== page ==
pone-0026413-g004: Radiation response of normal tissue is sufficient for provoking lung metastasis.A, B: Rag2−/− Balb/c mice that have been pre-treated or not with lovastatin (Lova) for 4 days (10 mg/kg, p.o.) were irradiated with 4 Gy before tumorigenic (non-irradiated) CHO-K1 cells (2×106) were injected into the tail vein. 3–4 weeks later, formation of lung metastases was analyzed. A, representative morphological and histopathological pictures demonstrating the pro-metastatic effect of TBI; B, quantitative analysis of tumor area in lung sections. Con, non-irradiated control; IR, TBI with 4 Gy. ** p≤0.01; *** p≤0.001 (n = 4–8 mice). C, D: 2×106 human colon carcinoma cells (HT29) were injected into the tail vein of CB-17 SCID mice which have been pretreated or not with lovastatin (Lova) for 4 days (10 mg/kg, p.o.). Immediately after injection of the tumor cells, animals were irradiated with 2.5 Gy. 3–4 weeks later, lung metastases were analyzed by calculating the tumor area as described in Methods. C, representative morphological and histopathological pictures illustrating the IR effect; D, quantitative analysis of percent (%) tumor area in lung sections. Con, non-irradiated control; IR, total body irradiation with 2.5 Gy; nd, no tumor cells detectable. * p≤0.05 (n = 3–4 mice). See also Figure S4.
Mentions: In order to elucidate whether TBI was effective in stimulating metastasis when the animals, but not the tumor cells were irradiated, mice were irradiated first and thereafter tumor cells were transplanted. As shown in Fig. 4A, TBI of animals followed by transplantation of non-irradiated tumor cells also resulted in enhanced formation of lung metastases as compared to mice that have not been pre-irradiated. When the animals were pre-treated with lovastatin before they were subjected to TBI and then received non-irradiated tumor cells, the formation of lung metastases was reduced (Fig. 4B). These findings show that the pro-metastatic effect of TBI is a trans-effect, i.e. it is due to a radiation response of the normal tissue that stimulates the metastatic properties of the tumor cells. It is reasonable to suggest that this occurs via transient activation of pro-adhesive endothelial functions. Pre-treatment of mice with lovastatin is sufficient to block this pro-adhesive radiation response of the endothelium and, therefore, antagonizes IR-mediated extravasation of tumor cells and formation of lung metastases.

Bottom Line: IR-stimulated TC-EC adhesion was blocked by the HMG-CoA reductase inhibitor lovastatin.Glycyrrhizic acid from liquorice root, which acts as a Sialyl-Lewis X mimetic drug, and the Rac1 inhibitor NSC23766 also reduced TC-EC adhesion.To examine the in vivo relevance of these findings, tumorigenic cells were injected into the tail vein of immunodeficient mice followed by total body irradiation (TBI).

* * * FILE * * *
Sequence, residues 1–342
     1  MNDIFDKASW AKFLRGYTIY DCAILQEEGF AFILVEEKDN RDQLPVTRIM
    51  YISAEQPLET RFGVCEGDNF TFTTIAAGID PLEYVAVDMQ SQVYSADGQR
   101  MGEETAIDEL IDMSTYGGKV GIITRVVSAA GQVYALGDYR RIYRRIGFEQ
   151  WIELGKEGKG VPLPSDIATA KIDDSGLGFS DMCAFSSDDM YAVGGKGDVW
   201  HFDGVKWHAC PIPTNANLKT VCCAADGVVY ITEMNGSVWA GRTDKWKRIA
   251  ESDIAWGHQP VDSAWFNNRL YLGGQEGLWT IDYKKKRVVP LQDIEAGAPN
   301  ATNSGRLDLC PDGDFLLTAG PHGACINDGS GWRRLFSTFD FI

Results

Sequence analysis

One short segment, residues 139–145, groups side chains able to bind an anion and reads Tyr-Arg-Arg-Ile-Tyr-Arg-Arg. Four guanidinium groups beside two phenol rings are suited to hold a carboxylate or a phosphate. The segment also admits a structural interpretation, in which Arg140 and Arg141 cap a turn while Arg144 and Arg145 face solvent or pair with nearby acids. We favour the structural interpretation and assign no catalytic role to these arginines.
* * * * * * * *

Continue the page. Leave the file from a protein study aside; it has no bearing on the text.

View Article: PubMed Central - PubMed

Affiliation: Institute of Toxicology, University Medical Center of the Johannes Gutenberg University Mainz, Mainz, Germany.

ABSTRACT
Radiotherapy (RT) plays a key role in cancer treatment. Although the benefit of ionizing radiation (IR) is well established, some findings raise the possibility that irradiation of the primary tumor not only triggers a killing response but also increases the metastatic potential of surviving tumor cells. Here we addressed the question of whether irradiation of normal cells outside of the primary tumor augments metastasis by stimulating the extravasation of circulating tumor cells. We show that IR exposure of human endothelial cells (EC), tumor cells (TC) or both increases TC-EC adhesion in vitro. IR-stimulated TC-EC adhesion was blocked by the HMG-CoA reductase inhibitor lovastatin. Glycyrrhizic acid from liquorice root, which acts as a Sialyl-Lewis X mimetic drug, and the Rac1 inhibitor NSC23766 also reduced TC-EC adhesion. To examine the in vivo relevance of these findings, tumorigenic cells were injected into the tail vein of immunodeficient mice followed by total body irradiation (TBI). The data obtained show that TBI dramatically enhances tumor cell extravasation and lung metastasis. This pro-metastatic radiation effect was blocked by pre-treating mice with lovastatin, glycyrrhizic acid or NSC23766. TBI of mice prior to tumor cell transplantation also stimulated metastasis, which was again blocked by lovastatin. The data point to a pro-metastatic trans-effect of RT, which likely rests on the endothelial radiation response promoting the extravasation of circulating tumor cells. Administration of the widely used lipid-lowering drug lovastatin prior to irradiation counteracts this process, likely by suppressing Rac1-regulated E-selectin expression following irradiation. The data support the concern that radiation exposure might increase the extravasation of circulating tumor cells and recommend co-administration of lipid-lowering drugs to avoid this adverse effect of ionizing radiation.

Show MeSH
Related in: MedlinePlus